TT: Treatment Technique
Water Quality Data
Explanation of expected contaminants
The sources of drinking water (both tap water and bottled water) include rivers, lakes, streams, ponds, reservoirs, springs, and wells. As water travels over the surface of the land or through the ground, it dissolves naturally occurring minerals and, in some cases, radioactive material, and can pick up substances resulting from the presence of animals or from human activity.
Contaminants that may be present in source water include:
Microbial contaminants, such as viruses and bacteria, which may come from sewage treatment plants, septic systems, agricultural livestock operations, and wildlife. Inorganic contaminants, such as salts and metals, which can be naturally occurring or result from urban storm runoff, industrial or domestic wastewater discharges, oil and gas production, mining, or farming. Pesticides and herbicides, which may come from a variety of sources such as agriculture, urban stormwater runoff, and residential uses. Organic chemical contaminants, including synthetic and volatile organic chemicals, which are by-products of industrial processes and petroleum production, and can also come from gas stations, urban stormwater runoff, and septic systems. Radioactive contaminants, which can be naturally occurring or be the result of oil and gas production and mining activities.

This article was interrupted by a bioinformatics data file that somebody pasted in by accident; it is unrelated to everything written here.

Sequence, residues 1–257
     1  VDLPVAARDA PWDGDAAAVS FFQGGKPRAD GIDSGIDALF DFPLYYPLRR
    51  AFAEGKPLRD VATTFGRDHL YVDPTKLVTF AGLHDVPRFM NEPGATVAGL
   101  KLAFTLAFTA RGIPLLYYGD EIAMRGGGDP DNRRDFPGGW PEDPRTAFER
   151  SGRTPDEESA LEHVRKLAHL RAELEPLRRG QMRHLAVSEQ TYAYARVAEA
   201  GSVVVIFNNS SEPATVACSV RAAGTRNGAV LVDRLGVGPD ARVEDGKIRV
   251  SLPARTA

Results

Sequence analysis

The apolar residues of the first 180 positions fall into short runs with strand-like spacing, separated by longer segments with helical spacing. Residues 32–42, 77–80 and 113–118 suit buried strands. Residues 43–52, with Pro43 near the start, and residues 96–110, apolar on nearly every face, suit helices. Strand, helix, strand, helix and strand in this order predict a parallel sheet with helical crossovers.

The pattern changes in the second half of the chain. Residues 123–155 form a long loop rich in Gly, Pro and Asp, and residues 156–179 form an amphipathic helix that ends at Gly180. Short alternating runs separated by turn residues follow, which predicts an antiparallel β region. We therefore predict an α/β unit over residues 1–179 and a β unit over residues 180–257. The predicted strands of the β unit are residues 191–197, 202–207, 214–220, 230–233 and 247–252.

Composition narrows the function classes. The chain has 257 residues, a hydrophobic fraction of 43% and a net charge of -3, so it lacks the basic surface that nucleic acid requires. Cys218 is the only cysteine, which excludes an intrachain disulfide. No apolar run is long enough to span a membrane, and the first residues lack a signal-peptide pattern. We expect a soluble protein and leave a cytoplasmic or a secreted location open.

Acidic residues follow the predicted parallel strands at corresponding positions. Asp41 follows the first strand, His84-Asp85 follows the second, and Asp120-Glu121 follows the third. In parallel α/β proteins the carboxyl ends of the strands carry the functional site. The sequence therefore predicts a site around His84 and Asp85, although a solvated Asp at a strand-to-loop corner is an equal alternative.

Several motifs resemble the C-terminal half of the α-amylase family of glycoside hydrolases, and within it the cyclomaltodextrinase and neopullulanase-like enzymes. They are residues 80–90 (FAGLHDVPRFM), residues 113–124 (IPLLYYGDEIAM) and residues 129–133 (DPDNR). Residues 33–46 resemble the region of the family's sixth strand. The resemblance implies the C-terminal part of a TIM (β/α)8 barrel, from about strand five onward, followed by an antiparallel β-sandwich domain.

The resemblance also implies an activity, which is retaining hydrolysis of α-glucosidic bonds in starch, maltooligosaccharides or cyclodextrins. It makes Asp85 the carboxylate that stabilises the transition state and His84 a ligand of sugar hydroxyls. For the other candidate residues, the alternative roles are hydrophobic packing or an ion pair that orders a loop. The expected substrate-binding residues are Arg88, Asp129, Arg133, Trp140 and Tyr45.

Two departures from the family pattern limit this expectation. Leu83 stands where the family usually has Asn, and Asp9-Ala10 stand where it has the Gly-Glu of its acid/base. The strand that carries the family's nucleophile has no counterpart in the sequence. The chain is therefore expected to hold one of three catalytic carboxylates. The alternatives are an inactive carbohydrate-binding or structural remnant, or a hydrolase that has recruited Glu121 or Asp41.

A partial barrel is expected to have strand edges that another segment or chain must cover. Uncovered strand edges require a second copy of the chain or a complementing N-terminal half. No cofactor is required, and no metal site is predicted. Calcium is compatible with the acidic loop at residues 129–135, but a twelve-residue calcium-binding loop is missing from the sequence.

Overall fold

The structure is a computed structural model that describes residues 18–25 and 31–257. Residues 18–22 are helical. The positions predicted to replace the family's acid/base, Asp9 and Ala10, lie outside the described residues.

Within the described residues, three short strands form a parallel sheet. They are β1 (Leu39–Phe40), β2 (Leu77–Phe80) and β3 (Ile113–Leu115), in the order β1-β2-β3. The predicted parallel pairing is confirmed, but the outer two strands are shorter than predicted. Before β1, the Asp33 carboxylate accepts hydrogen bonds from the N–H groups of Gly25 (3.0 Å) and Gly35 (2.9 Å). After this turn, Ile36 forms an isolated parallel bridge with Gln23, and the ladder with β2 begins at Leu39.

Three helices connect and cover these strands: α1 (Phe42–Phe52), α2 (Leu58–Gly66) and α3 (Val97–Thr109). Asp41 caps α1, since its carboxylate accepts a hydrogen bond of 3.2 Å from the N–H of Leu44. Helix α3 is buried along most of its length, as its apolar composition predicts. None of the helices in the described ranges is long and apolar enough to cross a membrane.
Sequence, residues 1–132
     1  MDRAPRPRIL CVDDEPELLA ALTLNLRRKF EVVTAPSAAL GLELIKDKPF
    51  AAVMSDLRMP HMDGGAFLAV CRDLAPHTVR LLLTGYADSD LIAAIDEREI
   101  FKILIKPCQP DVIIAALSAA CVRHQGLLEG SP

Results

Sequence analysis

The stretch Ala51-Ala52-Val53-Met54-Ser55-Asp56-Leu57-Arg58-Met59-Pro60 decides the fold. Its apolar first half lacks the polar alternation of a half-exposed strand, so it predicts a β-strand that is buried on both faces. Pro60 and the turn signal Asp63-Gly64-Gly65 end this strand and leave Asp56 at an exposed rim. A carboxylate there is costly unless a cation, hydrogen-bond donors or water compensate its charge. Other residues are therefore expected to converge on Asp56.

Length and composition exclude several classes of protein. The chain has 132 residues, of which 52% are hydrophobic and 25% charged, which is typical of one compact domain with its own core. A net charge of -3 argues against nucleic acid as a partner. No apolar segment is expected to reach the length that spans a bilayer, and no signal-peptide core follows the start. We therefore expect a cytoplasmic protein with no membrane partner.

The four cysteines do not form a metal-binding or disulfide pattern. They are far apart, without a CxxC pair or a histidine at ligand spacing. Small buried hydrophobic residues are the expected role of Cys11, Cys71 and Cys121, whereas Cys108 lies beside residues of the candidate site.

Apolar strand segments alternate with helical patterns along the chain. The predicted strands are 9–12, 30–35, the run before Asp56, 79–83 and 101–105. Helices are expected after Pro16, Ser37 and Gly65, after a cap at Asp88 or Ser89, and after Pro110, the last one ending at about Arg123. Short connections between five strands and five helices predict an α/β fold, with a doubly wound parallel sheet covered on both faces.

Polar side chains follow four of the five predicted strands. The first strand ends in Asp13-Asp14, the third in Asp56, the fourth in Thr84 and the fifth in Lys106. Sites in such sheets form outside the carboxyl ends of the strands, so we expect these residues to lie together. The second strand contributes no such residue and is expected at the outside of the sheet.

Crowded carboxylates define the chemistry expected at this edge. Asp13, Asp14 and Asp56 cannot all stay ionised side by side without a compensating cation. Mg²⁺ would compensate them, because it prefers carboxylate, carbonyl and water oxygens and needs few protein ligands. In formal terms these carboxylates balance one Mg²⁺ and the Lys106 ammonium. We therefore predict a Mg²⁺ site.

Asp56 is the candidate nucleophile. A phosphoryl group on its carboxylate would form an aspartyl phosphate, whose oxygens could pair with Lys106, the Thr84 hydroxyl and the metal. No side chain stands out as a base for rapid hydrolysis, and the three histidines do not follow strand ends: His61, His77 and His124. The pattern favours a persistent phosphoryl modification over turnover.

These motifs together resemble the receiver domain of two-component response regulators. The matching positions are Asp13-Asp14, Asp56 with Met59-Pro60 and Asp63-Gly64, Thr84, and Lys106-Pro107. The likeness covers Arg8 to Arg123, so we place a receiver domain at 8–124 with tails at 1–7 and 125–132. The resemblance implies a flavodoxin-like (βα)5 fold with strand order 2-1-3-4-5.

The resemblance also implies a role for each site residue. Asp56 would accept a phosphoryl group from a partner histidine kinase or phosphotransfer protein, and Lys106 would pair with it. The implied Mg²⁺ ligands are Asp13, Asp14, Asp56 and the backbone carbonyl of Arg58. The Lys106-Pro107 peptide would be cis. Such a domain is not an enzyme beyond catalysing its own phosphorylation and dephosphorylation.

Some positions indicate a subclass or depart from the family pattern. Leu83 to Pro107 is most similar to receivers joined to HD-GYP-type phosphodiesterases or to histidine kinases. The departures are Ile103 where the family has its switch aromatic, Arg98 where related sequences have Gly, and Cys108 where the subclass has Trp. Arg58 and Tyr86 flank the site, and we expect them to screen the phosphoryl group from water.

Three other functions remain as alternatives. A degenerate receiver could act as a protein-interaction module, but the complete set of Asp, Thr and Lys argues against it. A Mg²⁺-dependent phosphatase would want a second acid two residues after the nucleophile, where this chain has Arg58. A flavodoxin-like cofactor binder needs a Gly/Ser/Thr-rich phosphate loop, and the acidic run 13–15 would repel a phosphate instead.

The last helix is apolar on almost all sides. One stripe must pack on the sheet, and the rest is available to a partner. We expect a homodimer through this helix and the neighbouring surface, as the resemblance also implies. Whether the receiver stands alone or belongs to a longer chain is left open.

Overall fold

The CCR found at the top of this page lists all (if any) water contaminants that we detected during testing. The presence of these contaminants in the water does not necessarily indicate that the water poses a health risk.